Latuda: Precautions

Latuda comes with several precautions.

Boxed warnings

This drug has boxed warnings about an increased risk of death in certain older people and suicidal thoughts and behaviors. These are serious warnings from the Food and Drug Administration (FDA). For details, see the “Latuda: Side effects explained” section above.

Other precautions

Be sure to talk with your doctor about your health history before taking Latuda. This drug may not be the right treatment for you if you have certain medical conditions or other factors that affect your health.

The conditions and factors to consider include those described below.

Cholesterol problems. Latuda may cause changes in your metabolism, resulting in high triglyceride and cholesterol levels. (Metabolism refers to chemical processes that help your body function.) If you already have cholesterol problems, tell your doctor before taking Latuda. They may monitor your cholesterol levels more closely than usual while you’re taking this drug.

Diabetes. Latuda may cause changes in your metabolism, resulting in a high blood sugar level. If you have diabetes, tell your doctor before starting Latuda. They may have you check your blood sugar level more often than usual while you’re taking this drug.

Seizures. Latuda may cause seizures. If you already have seizures or you’ve had them in the past, tell your doctor. They’ll determine whether it’s safe for you to take Latuda.

Liver or kidney problems. Tell your doctor if you have liver or kidney problems. They may prescribe a lower dosage of Latuda than usual.

Heart problems or stroke. Before starting Latuda, tell your doctor if you have any heart problems. Also, tell them if you’ve had a stroke. This is because Latuda may cause orthostatic hypotension. (This condition causes a sudden decrease in blood pressure when you’re changing position from sitting to standing.) Your risk of orthostatic hypotension with Latuda may be higher if you have heart problems or you’ve had a stroke.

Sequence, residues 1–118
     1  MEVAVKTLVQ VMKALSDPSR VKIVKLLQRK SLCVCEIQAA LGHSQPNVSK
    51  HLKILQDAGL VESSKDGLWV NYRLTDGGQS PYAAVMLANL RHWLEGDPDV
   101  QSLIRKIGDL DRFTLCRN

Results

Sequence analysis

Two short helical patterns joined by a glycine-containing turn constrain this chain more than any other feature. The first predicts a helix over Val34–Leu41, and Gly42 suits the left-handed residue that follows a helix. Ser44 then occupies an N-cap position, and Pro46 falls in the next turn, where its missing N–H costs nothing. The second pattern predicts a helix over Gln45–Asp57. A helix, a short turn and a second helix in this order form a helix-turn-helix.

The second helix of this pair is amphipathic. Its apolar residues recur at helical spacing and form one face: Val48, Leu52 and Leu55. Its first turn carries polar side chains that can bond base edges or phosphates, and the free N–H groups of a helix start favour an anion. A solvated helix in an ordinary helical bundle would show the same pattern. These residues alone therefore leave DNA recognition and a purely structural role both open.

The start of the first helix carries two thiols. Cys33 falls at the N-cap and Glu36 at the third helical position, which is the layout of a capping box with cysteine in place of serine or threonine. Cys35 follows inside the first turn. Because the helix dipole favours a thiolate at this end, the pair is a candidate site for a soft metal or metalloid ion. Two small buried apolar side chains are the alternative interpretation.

Parkinson’s disease or Lewy body dementia. If you have Parkinson’s disease or Lewy body dementia, you may have a higher risk of certain side effects with Latuda. These side effects include falls, confusion, and involuntary muscle movements. Before starting Latuda, tell your doctor if you have these conditions. They will recommend if it’s safe for you to take Latuda.

Low level of white blood cells. If you have a low level of white blood cells, talk with your doctor. Latuda may lower your white blood cell level even more, possibly increasing your risk of infection. Your doctor may closely monitor your white blood cell level while you’re taking Latuda.

High level of prolactin. Before starting treatment with Latuda, tell your doctor if you have a high level of the hormone prolactin. Latuda may increase your prolactin level even more, possibly increasing your risk of symptoms from it. Your doctor can advise if it’s safe for you to take Latuda. For information on possible symptoms of increased prolactin, see the “Latuda: Serious side effects” section above.

Allergic reaction. If you’ve had an allergic reaction to Latuda or any of its ingredients, your doctor will likely not prescribe Latuda. Ask them about other medications that may be better options for you.

Consuming alcohol during Latuda treatment

There aren’t any known interactions between alcohol and Latuda.

However, consuming alcohol during Latuda treatment can worsen drowsiness, which is a possible side effect of the drug.